British oil company BP rakes in profit in recent quarterly earnings as oil market recovers from pressure exerted by the pandemic.
BP (LON: BP) announced its Q2 earnings to shareholders, with figures higher than expected. The oil and gas plant accrued a cash surplus of $2.4 billion in the first half of the year, owing mainly to a recovering oil market. Dividends rose by 4% to 5.46 cents per share from 5.25 cents per share in the same period in 2020. On the back of these earnings, the energy major now looks to buy back $1.4 billion shares in the third quarter of the year. Going by the current average oil price of $60 per barrel, BP anticipates buybacks of $1 billion per quarter. It also sees a further increase in its dividend payout at the rate of 4% per annum through 2025.
The BP earnings showed a profit of $7.8 billion in the first half of 2021. In the first quarter of the year, it had already accrued a net profit of $2.6 billion. This capital return came as the business is in the process of rebounding strongly after the pandemic hit in 2020. In the same period last year, the oil firm posted a loss of $21.2. Replacement cost profits of $5.7 billion for six months against a YoY $18.3 billion loss were also reported.
A Quick Run-through of BP Earnings in Recent Times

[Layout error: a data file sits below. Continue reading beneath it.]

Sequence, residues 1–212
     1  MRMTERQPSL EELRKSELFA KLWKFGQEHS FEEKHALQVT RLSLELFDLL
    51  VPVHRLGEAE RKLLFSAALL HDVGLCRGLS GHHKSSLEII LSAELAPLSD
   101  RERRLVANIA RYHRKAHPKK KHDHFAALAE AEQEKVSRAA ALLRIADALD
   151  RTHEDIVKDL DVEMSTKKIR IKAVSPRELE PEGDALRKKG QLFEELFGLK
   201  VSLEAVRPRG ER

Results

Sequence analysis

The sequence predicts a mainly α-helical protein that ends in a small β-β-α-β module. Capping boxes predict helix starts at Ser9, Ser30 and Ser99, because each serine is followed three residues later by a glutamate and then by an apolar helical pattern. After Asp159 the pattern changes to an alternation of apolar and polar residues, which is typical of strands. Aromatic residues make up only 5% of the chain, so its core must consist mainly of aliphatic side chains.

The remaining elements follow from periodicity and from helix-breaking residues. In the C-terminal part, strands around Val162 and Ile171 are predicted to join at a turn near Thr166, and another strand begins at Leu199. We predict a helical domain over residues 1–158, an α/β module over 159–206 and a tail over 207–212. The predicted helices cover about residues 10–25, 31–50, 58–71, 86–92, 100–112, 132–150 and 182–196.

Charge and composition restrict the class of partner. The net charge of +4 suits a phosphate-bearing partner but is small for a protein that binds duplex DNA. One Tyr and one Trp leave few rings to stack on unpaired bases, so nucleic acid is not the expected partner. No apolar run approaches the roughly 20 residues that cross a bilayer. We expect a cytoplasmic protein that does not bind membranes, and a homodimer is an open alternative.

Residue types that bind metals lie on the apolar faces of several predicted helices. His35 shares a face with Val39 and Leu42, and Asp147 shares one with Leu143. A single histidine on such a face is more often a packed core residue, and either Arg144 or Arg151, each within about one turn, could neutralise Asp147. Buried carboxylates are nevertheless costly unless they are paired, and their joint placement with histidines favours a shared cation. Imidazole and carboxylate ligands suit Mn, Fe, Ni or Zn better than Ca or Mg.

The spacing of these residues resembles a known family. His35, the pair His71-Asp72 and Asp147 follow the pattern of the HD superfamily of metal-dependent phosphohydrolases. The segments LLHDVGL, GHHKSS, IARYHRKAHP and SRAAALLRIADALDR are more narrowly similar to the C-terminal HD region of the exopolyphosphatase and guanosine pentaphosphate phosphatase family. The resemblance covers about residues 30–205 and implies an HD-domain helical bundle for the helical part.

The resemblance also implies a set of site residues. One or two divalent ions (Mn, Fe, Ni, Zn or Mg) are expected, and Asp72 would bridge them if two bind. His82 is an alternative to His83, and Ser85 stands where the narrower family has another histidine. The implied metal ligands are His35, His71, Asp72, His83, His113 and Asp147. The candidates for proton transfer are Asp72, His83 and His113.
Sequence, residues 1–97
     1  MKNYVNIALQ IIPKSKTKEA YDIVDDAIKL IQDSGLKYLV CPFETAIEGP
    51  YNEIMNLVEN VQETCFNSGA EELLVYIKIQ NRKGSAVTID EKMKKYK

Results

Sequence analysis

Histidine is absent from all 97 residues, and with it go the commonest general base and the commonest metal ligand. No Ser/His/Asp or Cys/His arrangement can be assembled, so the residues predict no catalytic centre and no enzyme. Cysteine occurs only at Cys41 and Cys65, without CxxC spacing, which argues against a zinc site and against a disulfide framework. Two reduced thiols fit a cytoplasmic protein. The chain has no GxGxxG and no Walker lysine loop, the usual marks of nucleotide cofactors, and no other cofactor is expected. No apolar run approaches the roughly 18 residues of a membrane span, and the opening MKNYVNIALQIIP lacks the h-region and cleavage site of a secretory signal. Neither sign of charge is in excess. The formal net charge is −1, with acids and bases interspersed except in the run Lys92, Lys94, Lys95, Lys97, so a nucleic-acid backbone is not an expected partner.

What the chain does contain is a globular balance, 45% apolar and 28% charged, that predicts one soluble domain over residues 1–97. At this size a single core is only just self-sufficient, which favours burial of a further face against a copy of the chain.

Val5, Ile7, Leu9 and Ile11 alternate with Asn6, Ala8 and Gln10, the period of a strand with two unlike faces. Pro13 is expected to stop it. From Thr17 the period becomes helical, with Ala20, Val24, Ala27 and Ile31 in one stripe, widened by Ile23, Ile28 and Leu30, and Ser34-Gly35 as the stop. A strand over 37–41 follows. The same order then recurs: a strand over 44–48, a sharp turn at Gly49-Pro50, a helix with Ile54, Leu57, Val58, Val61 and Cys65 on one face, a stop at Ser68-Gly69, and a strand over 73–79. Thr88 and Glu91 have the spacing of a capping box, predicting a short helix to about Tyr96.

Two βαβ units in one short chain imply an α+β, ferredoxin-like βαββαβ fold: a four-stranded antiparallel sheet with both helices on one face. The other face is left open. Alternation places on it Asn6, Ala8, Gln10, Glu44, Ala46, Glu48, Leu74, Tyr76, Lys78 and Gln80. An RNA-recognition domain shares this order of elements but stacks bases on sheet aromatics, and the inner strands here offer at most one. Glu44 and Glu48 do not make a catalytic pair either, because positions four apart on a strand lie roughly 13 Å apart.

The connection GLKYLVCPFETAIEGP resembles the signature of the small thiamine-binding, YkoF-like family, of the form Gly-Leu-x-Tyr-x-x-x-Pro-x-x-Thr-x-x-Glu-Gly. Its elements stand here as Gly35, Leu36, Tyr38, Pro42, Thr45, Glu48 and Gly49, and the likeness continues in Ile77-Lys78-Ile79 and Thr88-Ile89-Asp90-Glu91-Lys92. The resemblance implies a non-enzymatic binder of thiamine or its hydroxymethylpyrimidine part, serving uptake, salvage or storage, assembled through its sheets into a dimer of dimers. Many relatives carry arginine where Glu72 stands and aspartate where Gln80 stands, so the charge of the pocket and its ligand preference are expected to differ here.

BP’s shares traded almost 15% up in Tuesday’s session. However, it was at a 47$ low at this same period in 2020. Furthermore, company stock increased 2.3% in early trade on Tuesday. At the end of the second quarter, the oil giant’s operating cash flow was $5.4 billion. This figure also covers the annual $1.2 billion payment the company dispenses for the Gulf of Mexico Oil Spill in 2010. BP’s net debt decreased for the fifth consecutive quarter from $33.3 billion to $32.7 billion in the first quarter. This represents an overall debt decrease from $51 billion in the first quarter of last year.
The Oil Market Post-Pandemic
BP’s CEO Bernard Looney credits the recent positive development to strong business performance, and savvy and optimal management of company finances. Speaking with CNBC, Bernard also pointed out that the higher product price is a major factor in increased dividend payout to shareholders. He noted that he intends to see this improvement carry on for several years as oil demand will only increase. BP is not the only energy major that shares this view of an improving economy with suitable parameters post-pandemic. Royal Dutch Shell, Total Energies, and Equinor all stated plans to buy back shares last week. These gestures may reassure the oil companies’ investors that the worst of the pandemic may finally be behind them.
However, it should be noted that the share prices of several of these energy majors have not reflected the improvement in company earnings. Even though the worst of the pandemic may be over, there are still uncertainties and challenges to contend with.
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